ONOMICHI, Hiroshima -- A drawing by late master Japanese painter Ikuo Hirayama of what looks to be the mushroom cloud from the U.S. atomic bombing of Hiroshima in 1945 is on display for the first time at the Hirayama Ikuo Museum of Art in this western Japanese city.
The drawing, apparently created sometime between the mid-1960s and the early 1970s based on his experience of the bombing, shows a black plume of smoke rising into the air in a mushroom shape. The painting using traditional sumi ink on paper carries an inscription that says, "Omou Showa 20 nen 8 gatsu 6 ka" ("Thinking Aug. 6 in the 20th year of Showa," or 1945). The work was donated to the museum by the family of the painter's close friend, whose name was left in the upper left corner of the paper.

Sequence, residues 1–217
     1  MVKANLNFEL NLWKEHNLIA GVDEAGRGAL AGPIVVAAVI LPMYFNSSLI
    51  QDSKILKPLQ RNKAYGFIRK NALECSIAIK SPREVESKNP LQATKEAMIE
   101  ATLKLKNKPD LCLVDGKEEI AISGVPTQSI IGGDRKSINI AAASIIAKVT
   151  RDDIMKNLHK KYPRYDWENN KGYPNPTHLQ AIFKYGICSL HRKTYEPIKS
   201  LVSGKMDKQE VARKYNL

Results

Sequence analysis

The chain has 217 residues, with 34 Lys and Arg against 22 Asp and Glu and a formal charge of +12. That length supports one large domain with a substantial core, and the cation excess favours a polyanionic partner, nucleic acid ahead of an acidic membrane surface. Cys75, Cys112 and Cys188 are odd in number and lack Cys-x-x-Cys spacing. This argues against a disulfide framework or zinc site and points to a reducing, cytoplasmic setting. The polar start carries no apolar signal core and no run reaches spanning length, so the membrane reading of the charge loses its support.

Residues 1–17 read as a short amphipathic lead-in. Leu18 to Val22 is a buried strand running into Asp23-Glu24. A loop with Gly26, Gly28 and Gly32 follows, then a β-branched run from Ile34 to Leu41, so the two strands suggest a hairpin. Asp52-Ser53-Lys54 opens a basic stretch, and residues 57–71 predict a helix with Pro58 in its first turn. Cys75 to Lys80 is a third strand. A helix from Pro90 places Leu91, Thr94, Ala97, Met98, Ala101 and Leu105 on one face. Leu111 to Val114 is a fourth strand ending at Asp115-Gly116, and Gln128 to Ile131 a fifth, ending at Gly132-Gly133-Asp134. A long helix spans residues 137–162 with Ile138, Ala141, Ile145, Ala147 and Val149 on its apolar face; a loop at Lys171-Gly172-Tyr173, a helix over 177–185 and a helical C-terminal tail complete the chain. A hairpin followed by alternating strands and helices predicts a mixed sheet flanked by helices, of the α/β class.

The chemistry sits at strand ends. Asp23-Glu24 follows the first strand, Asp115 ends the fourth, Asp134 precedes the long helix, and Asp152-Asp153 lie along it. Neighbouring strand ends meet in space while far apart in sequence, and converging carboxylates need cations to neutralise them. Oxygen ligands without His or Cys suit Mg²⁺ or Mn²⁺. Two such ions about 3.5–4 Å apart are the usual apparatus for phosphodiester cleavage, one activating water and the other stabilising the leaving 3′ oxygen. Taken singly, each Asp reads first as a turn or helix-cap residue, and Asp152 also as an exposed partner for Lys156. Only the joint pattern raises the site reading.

Hirayama experienced the atomic bombing at an Imperial Japanese Army workshop about 3 kilometers from the hypocenter on Aug. 6, 1945, when he was a third-year student at the Shudo middle school in Hiroshima. "It was like hell outside," he was later quoted as saying.
According to museum head Sukenari Hirayama, Hirayama rarely drew his atomic bombing experience. "I think he didn't even make it public that he had painted a mushroom cloud," he said.
Hirayama, famous for his paintings themed on Silk Road landscapes, passed away in 2009 at age 79.
(Japanese original by Naoki Fuchiwaki, Onomichi Local Bureau)